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Posts Tagged ‘poets’

Meeting Coleridge

April 10, 2014 | by

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Hazlitt’s self-portrait, 1802

William Hazlitt, born in England on April 10, 1778, had a diverse and storied career in the arts: he was an essayist, a philosopher, an art critic, a literary critic, a drama critic, a cultural critic, and—just to even things out—a painter. Despite their age, his essays remain surprisingly readable. They are, in their sense of purpose and their tweedy vastness, distinctly nineteenth-century English; Hazlitt’s subjects are so broad, so plainly monumental, that any undergraduate who dared to write on them today would be flunked immediately. (His essay “On Great and Little Things” begins, “The great and the little have, no doubt, a real existence in the nature of things.”)

Hazlitt also chose his acquaintances wisely, at least insofar as many of them wound up ascending into the canon: Wordsworth, Stendhal, Charles and Mary Lamb. His landlord was Jeremy Bentham. But then there was Coleridge, ah, Coleridge! In his 1823 essay “My First Acquaintance with Poets,” Hazlitt rhapsodizes about his first encounter with the poet, who would become a kind of distant mentor, though later there came the requisite falling-out. It’s a gushing account, endearingly thorough and fanboy-ish, full of deft turns of phrase—and it humanizes both men, reminding us that these two Dead White Guys were once … Living White Guys, with fears and ambitions and impressive heads of hair. Read More »

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Poets Want Their Privacy, and Other News

April 2, 2014 | by

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Smile, you're on CCTV.

 

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All You Do Is Perceive: An Interview with Joy Katz

February 18, 2014 | by

Photo(c)2011 by Star Black4_2

Photo: Star Black

In her third book of poetry, All You Do Is Perceive, Joy Katz moves between narrative, lyrical, and meditative language, making meaning from the switches in register. Her images—a newborn, a lynched man, a woman’s mastectomy scar—are dependably urgent and resonant.

The book begins with a poem about bringing home an adopted baby as ashes from the World Trade Center settle over Brooklyn. “The woundable face of a boy” fills the speaker with terror and awareness. Other poems wrestle with the conventions of the baby as an image—Katz is intent on portraying motherhood without succumbing to sentimentality. To resist preciousness, she invents “endearments” for her baby: “my bus, my tarmac.” In Katz’s work, beauty and glamour twine with danger. An “ambulance dazzles like a cocktail ring”; a speaker befriends a holocaust and takes it to a movie; the sounds of a newborn “run over her like mice.”

A former Wallace Stegner and National Endowment for the Arts fellow, Katz lives in Pittsburgh, Pennsylvania, where she teaches in the graduate writing program at Chatham University.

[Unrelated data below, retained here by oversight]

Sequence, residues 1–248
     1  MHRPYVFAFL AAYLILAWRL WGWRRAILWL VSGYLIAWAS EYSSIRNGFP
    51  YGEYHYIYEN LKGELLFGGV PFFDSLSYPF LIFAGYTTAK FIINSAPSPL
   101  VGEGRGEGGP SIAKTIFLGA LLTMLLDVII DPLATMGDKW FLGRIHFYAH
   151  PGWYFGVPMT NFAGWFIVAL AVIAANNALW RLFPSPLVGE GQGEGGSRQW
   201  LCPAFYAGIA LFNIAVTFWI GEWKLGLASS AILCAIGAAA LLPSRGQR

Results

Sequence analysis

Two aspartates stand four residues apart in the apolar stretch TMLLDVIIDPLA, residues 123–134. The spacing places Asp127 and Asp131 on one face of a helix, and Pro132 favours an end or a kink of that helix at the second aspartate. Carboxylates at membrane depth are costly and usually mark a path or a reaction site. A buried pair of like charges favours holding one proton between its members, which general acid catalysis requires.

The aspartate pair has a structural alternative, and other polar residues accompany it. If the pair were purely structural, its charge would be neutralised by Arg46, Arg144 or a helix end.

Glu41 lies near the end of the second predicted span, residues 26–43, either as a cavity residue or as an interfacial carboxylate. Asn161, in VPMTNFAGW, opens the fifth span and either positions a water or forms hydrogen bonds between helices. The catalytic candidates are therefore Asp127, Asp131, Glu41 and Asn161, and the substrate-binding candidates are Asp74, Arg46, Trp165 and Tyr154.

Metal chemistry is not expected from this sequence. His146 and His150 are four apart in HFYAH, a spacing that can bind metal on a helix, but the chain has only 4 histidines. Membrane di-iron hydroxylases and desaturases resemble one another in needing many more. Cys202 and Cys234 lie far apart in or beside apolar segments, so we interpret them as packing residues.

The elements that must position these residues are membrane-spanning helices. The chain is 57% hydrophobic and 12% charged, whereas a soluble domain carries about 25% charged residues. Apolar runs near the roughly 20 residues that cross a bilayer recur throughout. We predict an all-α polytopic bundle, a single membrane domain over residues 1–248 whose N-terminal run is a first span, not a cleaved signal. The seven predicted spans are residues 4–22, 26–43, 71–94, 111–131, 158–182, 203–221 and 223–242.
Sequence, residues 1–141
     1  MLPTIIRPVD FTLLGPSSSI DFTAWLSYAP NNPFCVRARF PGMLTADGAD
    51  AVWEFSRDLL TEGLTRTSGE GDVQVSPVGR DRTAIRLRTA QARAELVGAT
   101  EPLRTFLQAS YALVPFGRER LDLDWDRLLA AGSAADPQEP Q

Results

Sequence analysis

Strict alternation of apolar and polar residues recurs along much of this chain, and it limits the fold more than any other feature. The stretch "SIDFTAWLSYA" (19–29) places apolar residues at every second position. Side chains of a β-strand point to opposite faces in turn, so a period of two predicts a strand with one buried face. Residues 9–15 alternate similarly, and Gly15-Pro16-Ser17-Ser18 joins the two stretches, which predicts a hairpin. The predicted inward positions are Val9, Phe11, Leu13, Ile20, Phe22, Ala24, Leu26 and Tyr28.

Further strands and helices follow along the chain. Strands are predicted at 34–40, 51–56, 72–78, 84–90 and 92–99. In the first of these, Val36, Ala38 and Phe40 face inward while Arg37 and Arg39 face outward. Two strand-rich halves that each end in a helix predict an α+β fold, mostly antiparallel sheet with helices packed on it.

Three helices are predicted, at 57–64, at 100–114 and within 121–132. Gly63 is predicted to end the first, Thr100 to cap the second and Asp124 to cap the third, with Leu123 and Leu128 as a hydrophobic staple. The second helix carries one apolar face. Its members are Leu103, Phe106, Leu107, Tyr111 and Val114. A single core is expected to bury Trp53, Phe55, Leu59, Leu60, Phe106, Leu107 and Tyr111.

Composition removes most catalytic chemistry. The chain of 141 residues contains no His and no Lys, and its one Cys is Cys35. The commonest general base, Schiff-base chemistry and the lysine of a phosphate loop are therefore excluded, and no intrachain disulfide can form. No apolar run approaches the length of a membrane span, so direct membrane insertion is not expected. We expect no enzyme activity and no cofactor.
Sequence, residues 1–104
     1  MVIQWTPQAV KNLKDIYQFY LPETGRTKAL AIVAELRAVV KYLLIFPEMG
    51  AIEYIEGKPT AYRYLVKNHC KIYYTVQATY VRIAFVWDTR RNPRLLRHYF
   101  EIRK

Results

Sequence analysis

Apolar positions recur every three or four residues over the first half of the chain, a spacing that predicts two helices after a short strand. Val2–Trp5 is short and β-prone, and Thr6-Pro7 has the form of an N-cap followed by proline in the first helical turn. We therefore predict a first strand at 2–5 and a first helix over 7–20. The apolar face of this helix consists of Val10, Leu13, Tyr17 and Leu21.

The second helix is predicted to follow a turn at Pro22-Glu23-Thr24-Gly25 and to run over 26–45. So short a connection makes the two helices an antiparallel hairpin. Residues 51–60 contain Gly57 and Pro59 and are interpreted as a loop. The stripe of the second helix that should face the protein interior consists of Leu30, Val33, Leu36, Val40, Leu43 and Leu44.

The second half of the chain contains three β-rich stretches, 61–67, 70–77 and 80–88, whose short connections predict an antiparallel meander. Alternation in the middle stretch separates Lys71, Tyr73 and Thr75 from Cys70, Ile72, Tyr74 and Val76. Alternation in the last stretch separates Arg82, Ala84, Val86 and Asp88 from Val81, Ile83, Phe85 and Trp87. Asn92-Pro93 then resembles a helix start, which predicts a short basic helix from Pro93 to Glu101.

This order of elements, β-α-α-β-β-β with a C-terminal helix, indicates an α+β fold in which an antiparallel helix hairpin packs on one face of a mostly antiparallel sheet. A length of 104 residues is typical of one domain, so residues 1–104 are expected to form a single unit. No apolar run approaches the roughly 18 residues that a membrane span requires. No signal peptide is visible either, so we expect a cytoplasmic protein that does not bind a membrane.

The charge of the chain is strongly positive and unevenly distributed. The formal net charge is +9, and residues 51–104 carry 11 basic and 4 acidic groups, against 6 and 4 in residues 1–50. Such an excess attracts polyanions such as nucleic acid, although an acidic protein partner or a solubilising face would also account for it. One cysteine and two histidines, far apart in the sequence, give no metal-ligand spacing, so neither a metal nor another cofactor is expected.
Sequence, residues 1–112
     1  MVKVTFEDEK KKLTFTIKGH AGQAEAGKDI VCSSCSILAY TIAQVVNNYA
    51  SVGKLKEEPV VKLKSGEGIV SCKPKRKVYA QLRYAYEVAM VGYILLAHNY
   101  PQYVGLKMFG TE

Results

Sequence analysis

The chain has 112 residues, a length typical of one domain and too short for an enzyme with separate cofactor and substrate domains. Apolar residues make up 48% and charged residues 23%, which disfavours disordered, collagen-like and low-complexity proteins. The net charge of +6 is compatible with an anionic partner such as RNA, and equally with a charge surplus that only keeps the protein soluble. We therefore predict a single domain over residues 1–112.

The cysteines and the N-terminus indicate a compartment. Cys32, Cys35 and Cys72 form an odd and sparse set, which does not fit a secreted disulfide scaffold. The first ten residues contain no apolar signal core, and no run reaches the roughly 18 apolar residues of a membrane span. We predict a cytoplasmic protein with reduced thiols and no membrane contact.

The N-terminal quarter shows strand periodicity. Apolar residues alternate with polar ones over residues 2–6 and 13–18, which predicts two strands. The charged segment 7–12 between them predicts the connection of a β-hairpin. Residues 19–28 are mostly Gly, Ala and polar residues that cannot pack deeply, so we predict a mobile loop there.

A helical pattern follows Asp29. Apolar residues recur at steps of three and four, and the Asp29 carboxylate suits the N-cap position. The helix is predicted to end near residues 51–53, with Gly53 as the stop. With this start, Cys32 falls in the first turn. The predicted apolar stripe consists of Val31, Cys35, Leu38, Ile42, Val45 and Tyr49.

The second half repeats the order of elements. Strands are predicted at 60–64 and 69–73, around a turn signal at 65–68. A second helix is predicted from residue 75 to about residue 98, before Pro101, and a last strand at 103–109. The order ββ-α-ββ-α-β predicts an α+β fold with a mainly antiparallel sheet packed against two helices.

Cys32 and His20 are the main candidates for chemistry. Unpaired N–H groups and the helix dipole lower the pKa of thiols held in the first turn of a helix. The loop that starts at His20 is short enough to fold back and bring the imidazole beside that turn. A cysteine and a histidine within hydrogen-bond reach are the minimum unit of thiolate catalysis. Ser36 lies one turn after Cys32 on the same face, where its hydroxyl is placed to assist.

Tell me a little bit about the origins of All You Do Is Perceive.

The title of the book is a little accusatory. OMG, all Joy does is perceive. Meaning—ask my husband—no one got to the grocery store again. On my kitchen counter, there’s a cooking magazine opened to a self-help article, “How to Savor a Moment.” I needed help figuring out how not to savor a moment—how to move through time, seeing in an ordinary, not-intense way.

From my son, I learned a deep, meditative seeing. I watched him looking at his own hands or at a little car or something. For hours. Maybe it was ten minutes? Or days at a time. I was trapped with a small baby, but I was in a trance state, like a heroin high. It was addictive. My book’s epigram comes from Bishop George Berkeley, who says, roughly, I exist because I perceive. You exist because I perceive you. Writing the poems, I came to think that regarding is a form of love, but the regarding is not necessarily accurate. In the poems, people are always misperceiving one another. But misperceptions are a part of being alive to others. You don’t need truth or beauty. All you do is perceive. That’s all you need to have loved and lived fully. Read More »

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We’re Olfactory Failures, and Other News

January 29, 2014 | by

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Crepe de Chine perfume ad, 1937

 

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Poets in the Workplace

July 17, 2013 | by

Remember: today is Take Your Poet to Work Day. Full instructions for toting your preferred wordsmith can be found here; an excerpt is below. (Since a poster-size version of this picture glowers over the Paris Review kitchen, I think we’ve got it covered.) 

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Live Like William Blake, and Other News

July 16, 2013 | by

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  • The picturesque West Sussex cottage where William Blake lived, sometimes nude, from 1800–1803 (the period during which he wrote “Jerusalem”) is on the market for £650,000. The agent says, “The original part of the cottage has been altered little in its essential features. The rooms in which William Blake lived retain enormous character and the dining room was at this time the site of his printing press.”
  • Reading (along with writing and doing puzzles) improves cognitive function in old age, a study shows.
  • In which writers such as Emma Straub and Matthew Specktor discourse on their favorite literary streets.
  • Google’s Kafka doodle was not remotely Kafkaesque, Twitter feels.
  • July 17, obviously, is Take Your Poet to Work Day. Herewith, handy cutouts of several bards. Blake not included (but that’s probably a good thing).
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